For the record, Silere non Possum identifies itself as a blog founded by a lay Italian canon lawyer and expert on the Vatican penal system named Marco Felipe Perfetti. It clearly has good sources; major news outlets such as the Associated Press, for example, have quoted its reports on the abuse scandals surrounding ex-Jesuit Father Marko Rupnik.

In presenting its new report, Silere non Possum interspersed the supposed quotations from the pope with its own derisive commentary – helpfully presented in each case in boldface type, so readers couldn’t possibly miss the editorial obiter dicta.

For instance, with regard to the pope’s anecdote about calling the divorced and remarried woman, the blog added: “A tip for pastors: From here on out, take Francis’s cell phone number and post it on the bulletin board, and he’ll solve all the problems.”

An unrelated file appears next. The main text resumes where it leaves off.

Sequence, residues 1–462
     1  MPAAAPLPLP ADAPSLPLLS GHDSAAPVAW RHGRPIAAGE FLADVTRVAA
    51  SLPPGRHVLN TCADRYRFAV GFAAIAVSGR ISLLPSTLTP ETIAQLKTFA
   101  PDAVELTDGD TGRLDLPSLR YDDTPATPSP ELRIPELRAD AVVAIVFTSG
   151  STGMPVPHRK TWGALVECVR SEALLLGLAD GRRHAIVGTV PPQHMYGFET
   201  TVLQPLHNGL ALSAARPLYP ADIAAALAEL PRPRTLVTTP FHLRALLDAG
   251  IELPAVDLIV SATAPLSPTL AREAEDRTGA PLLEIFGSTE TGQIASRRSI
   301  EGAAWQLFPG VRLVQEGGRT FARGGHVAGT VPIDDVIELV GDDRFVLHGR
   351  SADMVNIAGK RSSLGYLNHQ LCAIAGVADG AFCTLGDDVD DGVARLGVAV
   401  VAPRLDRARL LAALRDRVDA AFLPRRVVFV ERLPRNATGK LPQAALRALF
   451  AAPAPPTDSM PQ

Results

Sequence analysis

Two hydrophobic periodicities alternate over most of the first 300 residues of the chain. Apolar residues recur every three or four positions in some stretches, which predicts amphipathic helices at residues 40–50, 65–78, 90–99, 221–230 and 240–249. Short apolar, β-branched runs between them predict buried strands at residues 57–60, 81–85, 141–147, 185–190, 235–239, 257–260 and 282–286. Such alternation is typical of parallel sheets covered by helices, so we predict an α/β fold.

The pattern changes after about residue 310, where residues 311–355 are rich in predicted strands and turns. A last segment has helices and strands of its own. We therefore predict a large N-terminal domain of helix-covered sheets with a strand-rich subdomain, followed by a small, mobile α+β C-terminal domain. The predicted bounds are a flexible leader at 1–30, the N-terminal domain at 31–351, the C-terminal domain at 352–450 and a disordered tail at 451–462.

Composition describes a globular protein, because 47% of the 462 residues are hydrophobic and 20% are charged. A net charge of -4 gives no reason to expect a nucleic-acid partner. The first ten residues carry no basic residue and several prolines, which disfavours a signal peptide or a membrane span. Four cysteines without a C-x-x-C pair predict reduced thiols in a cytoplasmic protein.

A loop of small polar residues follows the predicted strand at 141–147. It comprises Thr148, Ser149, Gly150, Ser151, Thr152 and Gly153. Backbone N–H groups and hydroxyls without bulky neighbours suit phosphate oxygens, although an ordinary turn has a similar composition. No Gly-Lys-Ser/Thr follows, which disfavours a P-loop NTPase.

One struggles to escape the impression that the blog’s goal was to provide fresh reasons for its readers to get upset with Francis, without necessarily being overly scrupulous about verbatim accuracy.

On the other hand, if the pope never said anything even remotely like what the blog quotes, it’s hard to know why the Vatican wouldn’t say so out loud. A spokesman could simply state, “While the contents of the session were private, I can confirm that the comments attributed to the Holy Father are false.”

Instead, all we’re getting at the moment is a version of the standard “no comment,” leaving it unclear what exactly transpired.

A cynic, actually, might be inclined to conclude that Francis or his advisers are happy enough to have those lines floating around, framing public impressions of what the pope really thinks, without having to take direct ownership of them.